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Protesters charged with resisting arrest may not face jail time under new diversion program

Instead of fines, jail time, person may watch video educating on law

People who are arrested on charges of resisting law enforcement without violence may not necessarily face jail time under outgoing State Attorney Aramis Ayala’s new policy.
People who are arrested on charges of resisting law enforcement without violence may not necessarily face jail time under outgoing State Attorney Aramis Ayala’s new policy.

ORANGE COUNTY, Fla. – People who are arrested on charges of resisting law enforcement without violence may not necessarily face jail time under outgoing State Attorney Aramis Ayala’s new policy.

This new policy would impact people who were arrested this summer while demonstrating in response to the death of George Floyd and racial injustices but also anyone who is charged with resisting arrest in a non-violent capacity.

Ayala is the chief prosecutor for the Ninth Judicial Circuit which includes Orange and Osceola counties. She laid out her new diversion program Tuesday saying, effective immediately, her office will change the way it prosecutes resisting an officer without violence cases.

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“As we have all witnessed over the past several months, thousands of people across the country and right here on Central Florida have taken to the streets to peacefully protest and ensure their voices are heard regarding police violence, systemic racism and social injustice,” she said. “In many cases, these peaceful protesters have been met by efforts to silence them and crush their First Amendment rights to get them off the streets and out of the public view. Not surprisingly, many of these people are charged with resisting an officer without violence as a means to do this.”

People charged with resisting an officer without violence would typically face up to a year in prison, probation or a $1,000 fine. Ayala said under her new policy if the person who is charged opts for her office’s new diversion program, they will watch a video that will provide education on the law and insights on the dangers of violating the law and resisting a law enforcement officer’s lawful command.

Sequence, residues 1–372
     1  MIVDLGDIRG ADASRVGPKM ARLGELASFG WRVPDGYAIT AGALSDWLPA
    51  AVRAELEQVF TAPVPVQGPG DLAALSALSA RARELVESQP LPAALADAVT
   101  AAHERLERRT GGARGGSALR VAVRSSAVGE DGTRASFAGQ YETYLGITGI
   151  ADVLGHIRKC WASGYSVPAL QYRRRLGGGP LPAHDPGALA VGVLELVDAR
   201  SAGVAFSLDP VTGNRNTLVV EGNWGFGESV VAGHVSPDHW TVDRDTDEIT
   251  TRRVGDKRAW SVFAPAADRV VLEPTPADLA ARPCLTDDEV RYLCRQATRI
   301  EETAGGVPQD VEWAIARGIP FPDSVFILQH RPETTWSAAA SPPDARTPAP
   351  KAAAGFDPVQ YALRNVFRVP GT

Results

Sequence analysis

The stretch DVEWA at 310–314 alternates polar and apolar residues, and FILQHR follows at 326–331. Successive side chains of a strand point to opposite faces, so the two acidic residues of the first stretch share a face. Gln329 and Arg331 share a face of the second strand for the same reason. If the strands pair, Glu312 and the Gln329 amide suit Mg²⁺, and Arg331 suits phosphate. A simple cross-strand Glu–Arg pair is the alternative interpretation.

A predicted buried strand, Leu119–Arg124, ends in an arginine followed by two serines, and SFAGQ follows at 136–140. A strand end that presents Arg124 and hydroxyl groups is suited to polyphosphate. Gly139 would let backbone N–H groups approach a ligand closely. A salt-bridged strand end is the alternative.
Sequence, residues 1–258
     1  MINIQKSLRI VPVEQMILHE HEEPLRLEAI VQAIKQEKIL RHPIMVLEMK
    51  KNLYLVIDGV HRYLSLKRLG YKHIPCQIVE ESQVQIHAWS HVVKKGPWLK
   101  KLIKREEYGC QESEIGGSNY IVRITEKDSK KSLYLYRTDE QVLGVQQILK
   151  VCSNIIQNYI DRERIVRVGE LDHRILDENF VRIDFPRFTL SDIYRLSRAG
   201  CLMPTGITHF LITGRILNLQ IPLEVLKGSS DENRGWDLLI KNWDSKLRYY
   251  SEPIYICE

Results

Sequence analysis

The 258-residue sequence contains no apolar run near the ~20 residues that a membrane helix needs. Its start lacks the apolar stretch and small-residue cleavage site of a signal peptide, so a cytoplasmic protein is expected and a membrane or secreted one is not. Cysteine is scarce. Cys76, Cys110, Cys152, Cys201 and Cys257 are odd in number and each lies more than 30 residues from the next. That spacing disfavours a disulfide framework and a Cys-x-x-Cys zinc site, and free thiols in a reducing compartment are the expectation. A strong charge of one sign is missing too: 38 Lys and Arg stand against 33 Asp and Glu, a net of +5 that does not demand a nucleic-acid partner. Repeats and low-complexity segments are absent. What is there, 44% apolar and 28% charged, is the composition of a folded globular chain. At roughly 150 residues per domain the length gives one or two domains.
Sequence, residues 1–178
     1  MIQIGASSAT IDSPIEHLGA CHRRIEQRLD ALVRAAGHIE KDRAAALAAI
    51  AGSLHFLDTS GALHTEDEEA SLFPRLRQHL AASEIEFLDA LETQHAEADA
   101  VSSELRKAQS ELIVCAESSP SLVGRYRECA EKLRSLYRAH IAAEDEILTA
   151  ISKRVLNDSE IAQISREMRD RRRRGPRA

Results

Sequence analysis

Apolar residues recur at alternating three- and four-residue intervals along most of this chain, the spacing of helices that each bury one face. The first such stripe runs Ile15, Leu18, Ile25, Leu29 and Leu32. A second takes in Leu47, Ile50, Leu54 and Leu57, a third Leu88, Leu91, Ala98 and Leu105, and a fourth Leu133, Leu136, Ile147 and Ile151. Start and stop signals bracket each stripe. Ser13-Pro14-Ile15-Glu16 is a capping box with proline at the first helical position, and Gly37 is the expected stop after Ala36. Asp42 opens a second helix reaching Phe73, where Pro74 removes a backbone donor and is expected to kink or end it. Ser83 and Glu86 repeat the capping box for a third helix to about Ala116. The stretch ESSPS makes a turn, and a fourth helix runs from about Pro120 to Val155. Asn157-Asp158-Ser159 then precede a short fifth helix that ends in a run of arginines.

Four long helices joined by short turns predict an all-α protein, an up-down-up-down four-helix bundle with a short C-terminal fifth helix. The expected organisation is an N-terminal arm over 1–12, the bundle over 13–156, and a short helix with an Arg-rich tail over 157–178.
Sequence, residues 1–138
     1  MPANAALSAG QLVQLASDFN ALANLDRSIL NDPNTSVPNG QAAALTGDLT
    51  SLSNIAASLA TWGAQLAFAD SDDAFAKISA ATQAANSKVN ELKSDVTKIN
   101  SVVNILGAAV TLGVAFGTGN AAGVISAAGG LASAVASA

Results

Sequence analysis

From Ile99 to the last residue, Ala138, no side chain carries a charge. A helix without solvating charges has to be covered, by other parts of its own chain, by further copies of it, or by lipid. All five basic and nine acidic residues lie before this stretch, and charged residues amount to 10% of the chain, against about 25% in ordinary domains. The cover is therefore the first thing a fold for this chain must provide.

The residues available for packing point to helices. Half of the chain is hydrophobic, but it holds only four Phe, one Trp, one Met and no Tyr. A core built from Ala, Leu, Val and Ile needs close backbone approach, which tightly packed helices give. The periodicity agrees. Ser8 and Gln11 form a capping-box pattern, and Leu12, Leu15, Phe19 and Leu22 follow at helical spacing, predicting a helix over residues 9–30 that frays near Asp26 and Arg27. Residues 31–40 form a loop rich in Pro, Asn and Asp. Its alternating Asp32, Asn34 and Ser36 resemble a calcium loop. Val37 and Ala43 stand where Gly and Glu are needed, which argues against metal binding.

“Our new policy directs ASA’s to pursue diversion in instances where there are no aggravating or egregious circumstances,” she explained. “As always, we lead with common sense. If there are aggravating factors or (a) person has resisted so many times they create a public safety issue or somehow safety compromised, ASA can seek permission to proceed with traditional prosecution.”

The State Attorney’s Office outlines those facing such charges can only participate in the program once in a sixth-month period.

Ayala said this new diversion program is focused on education and mitigating injustice within the community.

“One of the many problems with this it affects communities of color at far greater rates,” she said. “My office’s internal case management software confirms this fact. It’s based on information provided to us directly from law enforcement. In Orange County over the past year alone, Blacks or African Americans have made up 63% all standalone resisting cases even though they only make up 22% of the population.”

Standalone cases are those in which no other criminal activity is present, Ayala referring that those charged with resisting an officer without violence is often the only charge they face in that incident.

“Studies consistently fail to show any connection between these resisting an officer without violence charges and predicting future criminal behavior. However, we definitely (know) how these arrests and subsequent legal battles negatively affect those charged. Giving these cries for justice, demands for accountability and limited resources, its time to make a change," she said.

Ayala admitted during the news conference she had not spoken to local law enforcement about her office’s new diversion program.

“I was surprised to be informed of this policy change through the media. The State Attorney did not confer with me, or other law enforcement leaders I’m aware of when considering this action,” Orange County Sheriff John Mine said in a statement to News 6. “I understand and support the desire for criminal justice reform. But these decisions should be thoughtful, and carefully considered by all members of the law enforcement community and their stakeholders. I am extremely concerned this action will cause confusion in our community. People should know it is still a violation of the law to refuse to follow the instructions of law enforcement.”

News 6 has reached out to other local law enforcement agencies for comment, this story will be updated accordingly.